GOES-17 True Color RGB images [click to play animation | MP4]

===== 08 January Update =====

GOES-17 True Color RGB images, 05-08 January [click to play animation | MP4]

GOES-17 True Color RGB images, 05-08 January [click to play animation | MP4]

Full Disk GOES-17 True Color RGB images from the AOS site (above) showed the slow eastward transport of a dense pall of smoke (hazy shades of tan to light brown) across the South Pacific Ocean during the 05-08 January period.

Late in the day, GOES-17 True Color images also showed a small area of smoke drifting southward across the coast of Antarctica (below).

GOES-17 True Color images [click to play animation | MP4]

GOES-17 True Color images [click to play animation | MP4]

This was confirmed by the OMPS Aerosol Index product (below), which displayed a small lobe becoming detached from one of the larger smoke features crossing the South Pacific Ocean.

Suomi NPP OMPS Aerosol Index composites, 04-08 January (credit: Colin Seftor, SSAI)

Suomi NPP OMPS Aerosol Index composites, 04-08 January (credit: Colin Seftor, SSAI)

 

Moderate to Severe Turbulence over the High Plains

December 13th, 2019 |

GOES-16 Mid-level (6.9 µm) Water Vapor images, with plots of Pilot Reports of turbulence (cyan and red), Turbulence SIGMETS (red boxes) and RAP40 model isotachs of maximum wind (yellow) [click to play animation | MP4]

GOES-16 Mid-level (6.9 µm) Water Vapor images, with plots of Pilot Reports of turbulence (cyan and red), Turbulence SIGMETS (red boxes) and RAP40 model isotachs of maximum wind (yellow) [click to play animation | MP4]

As a strong 170-knot jet streak (Satellite Liaison Blog) flowed southeastward over the High Plains on 13 December 2019, GOES-16 (GOES-East) Mid-level (6.9 µm) Water Vapor images (above) showed numerous pilot reports of moderate to severe turbulence at altitudes of 26,000-50,000 feet. The Turbulence SIGMETs were issued due to strong speed shear along the poleward (northeast) edge of the jet streak — this speed shear was evident by the closely-spaced isotachs of maximum wind speed from the RAP40 model.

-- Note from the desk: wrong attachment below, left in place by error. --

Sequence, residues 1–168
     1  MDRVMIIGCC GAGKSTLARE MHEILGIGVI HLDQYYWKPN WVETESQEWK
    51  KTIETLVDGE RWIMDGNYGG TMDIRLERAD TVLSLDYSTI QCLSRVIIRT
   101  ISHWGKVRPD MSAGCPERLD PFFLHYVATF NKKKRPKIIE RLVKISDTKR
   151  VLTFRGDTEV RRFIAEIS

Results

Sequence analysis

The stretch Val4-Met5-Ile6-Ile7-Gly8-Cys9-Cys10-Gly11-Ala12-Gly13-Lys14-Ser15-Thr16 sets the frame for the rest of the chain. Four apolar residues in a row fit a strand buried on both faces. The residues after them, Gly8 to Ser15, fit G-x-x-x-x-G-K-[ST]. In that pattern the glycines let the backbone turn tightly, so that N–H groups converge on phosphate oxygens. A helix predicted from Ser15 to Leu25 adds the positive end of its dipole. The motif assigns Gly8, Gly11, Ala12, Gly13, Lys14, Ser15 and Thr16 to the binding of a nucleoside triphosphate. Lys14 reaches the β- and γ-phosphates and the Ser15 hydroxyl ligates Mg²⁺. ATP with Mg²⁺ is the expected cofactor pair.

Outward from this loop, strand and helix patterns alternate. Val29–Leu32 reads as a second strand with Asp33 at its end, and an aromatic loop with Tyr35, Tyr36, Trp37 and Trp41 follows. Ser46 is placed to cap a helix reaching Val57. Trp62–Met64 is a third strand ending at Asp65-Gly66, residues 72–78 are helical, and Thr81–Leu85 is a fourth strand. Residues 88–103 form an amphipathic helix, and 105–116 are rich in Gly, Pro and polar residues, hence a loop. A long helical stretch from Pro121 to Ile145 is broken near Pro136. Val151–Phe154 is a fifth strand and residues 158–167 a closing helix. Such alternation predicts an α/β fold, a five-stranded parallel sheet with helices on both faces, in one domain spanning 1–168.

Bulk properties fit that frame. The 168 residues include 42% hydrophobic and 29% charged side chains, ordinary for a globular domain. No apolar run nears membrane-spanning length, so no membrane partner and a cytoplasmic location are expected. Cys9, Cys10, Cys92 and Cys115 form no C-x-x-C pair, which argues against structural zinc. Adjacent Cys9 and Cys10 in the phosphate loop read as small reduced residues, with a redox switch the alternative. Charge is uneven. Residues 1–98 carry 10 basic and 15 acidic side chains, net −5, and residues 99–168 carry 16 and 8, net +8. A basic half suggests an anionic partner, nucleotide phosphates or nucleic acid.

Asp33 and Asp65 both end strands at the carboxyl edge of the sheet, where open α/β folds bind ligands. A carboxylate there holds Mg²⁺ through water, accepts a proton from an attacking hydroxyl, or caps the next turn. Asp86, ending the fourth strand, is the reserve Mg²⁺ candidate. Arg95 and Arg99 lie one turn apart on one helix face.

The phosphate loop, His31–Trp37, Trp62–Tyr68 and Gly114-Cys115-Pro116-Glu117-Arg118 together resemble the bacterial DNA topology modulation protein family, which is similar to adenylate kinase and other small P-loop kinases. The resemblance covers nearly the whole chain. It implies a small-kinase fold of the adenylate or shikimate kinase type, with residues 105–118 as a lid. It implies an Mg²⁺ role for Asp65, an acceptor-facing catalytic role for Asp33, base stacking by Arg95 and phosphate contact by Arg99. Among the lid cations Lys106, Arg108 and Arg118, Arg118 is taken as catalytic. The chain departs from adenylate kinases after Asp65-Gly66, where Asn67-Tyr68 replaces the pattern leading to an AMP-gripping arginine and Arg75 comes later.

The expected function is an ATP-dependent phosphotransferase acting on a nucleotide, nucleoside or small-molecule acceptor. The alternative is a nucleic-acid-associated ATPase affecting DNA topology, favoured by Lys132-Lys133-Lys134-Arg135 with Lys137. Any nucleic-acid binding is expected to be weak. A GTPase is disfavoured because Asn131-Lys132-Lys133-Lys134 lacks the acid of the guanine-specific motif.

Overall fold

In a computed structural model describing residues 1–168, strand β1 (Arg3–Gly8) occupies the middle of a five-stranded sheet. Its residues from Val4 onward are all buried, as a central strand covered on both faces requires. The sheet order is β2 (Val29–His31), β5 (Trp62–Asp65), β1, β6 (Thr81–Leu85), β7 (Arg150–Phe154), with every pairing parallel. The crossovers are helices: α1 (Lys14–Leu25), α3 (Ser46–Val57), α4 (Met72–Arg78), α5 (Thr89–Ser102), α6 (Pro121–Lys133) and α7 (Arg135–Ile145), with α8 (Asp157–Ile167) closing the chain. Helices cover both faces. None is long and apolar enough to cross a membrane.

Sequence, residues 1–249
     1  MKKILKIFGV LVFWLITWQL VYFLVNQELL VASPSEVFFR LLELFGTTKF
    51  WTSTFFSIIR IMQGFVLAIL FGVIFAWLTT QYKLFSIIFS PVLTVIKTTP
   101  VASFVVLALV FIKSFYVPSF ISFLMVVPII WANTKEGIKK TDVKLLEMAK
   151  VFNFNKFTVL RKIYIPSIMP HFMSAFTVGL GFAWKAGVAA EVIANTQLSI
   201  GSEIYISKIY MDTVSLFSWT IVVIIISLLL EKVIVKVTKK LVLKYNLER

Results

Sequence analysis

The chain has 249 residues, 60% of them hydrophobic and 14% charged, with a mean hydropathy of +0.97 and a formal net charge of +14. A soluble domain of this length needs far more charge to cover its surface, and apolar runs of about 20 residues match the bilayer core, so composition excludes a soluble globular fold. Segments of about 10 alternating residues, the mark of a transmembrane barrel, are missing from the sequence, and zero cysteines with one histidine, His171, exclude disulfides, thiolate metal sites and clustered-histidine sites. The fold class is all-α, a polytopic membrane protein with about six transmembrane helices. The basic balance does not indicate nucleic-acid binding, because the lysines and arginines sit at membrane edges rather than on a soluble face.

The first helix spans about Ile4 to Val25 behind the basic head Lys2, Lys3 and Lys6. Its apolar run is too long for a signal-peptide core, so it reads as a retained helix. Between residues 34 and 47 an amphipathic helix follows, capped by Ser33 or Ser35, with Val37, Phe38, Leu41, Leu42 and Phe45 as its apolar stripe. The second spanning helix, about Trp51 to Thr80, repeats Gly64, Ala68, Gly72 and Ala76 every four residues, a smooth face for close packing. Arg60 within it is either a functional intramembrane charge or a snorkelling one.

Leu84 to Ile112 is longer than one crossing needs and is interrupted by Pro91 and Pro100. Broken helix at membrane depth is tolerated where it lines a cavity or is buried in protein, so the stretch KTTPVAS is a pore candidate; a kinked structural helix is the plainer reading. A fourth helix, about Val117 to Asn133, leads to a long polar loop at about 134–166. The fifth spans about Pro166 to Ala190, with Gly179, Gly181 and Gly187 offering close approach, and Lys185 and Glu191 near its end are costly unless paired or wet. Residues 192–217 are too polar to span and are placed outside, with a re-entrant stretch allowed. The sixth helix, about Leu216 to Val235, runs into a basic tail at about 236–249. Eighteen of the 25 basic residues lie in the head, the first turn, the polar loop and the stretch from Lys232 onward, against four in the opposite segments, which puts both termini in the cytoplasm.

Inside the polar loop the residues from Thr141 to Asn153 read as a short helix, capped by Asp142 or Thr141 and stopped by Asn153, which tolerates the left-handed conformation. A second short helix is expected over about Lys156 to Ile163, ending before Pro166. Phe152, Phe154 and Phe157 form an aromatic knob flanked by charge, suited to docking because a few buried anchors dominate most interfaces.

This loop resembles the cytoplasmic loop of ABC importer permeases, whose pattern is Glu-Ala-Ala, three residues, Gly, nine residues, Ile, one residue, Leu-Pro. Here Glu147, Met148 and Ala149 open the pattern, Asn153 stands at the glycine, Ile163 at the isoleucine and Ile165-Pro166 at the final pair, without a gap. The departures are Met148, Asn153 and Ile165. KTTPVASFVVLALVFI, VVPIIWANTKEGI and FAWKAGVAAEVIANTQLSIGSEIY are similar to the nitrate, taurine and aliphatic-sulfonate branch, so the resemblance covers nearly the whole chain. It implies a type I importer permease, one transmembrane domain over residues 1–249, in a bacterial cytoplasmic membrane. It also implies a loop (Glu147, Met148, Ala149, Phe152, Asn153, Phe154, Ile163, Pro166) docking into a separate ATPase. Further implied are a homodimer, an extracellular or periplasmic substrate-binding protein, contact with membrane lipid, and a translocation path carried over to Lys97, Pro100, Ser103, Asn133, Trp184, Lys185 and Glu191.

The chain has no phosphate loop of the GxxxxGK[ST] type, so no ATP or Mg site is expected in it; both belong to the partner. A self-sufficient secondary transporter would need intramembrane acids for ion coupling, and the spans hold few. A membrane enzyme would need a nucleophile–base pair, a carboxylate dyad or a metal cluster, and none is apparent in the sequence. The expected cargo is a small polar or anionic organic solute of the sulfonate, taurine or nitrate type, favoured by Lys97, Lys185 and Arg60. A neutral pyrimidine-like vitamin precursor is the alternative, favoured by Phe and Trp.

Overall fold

Over southeastern Colorado, one aircraft encountered Severe Turbulence at an altitude of 36,000 feet at 1637 UTC, while another reported Moderate to Severe Turbulence at 37,000 feet at 1645 UTC (due to a mountain wave, which caused fluctuation in airspeed of +/- 20 knots) (below).

GOES-16 Water Vapor (6.9 µm) image with a pilot report of severe turbulence at 36,000 feet [click to enlarge]

GOES-16 Water Vapor (6.9 µm) image with a pilot report of severe turbulence at 36,000 feet [click to enlarge]

GOES-16 Water Vapor (6.9 µm) image with a pilot report of moderate to severe turbulence at 37,000 feet [click to enlarge]

GOES-16 Water Vapor (6.9 µm) image with a pilot report of moderate to severe turbulence at 37,000 feet [click to enlarge]

 

Severe turbulence over coastal South Carolina

November 15th, 2019 |

GOES-16 Upper-level Water Vapor (6.2 µm) images, with plots of pilot reports and SIGMET boundaries [click to play animation | MP4]

GOES-16 Upper-level Water Vapor (6.2 µm) images, with pilot reports of turbulence and SIGMET boundaries [click to play animation | MP4]

GOES-16 (GOES-East) Upper-level Water Vapor (6.2 µm) images (above) revealed the presence of elongated W-E oriented billow clouds, many of which exhibited small-scale ripples that were oriented N-S along the billow cloud tops, over coastal areas of South Carolina and North Carolina on 15 November 2019. An initial SIGMET (November 1) was issued covering airspace over Georgia and South Carolina — Severe Turbulence (plotted in red) was reported at 41,000 feet and at 35,000 feet. A second SIGMET (November 2) was later issued covering airspace over South Carolina and North Carolina.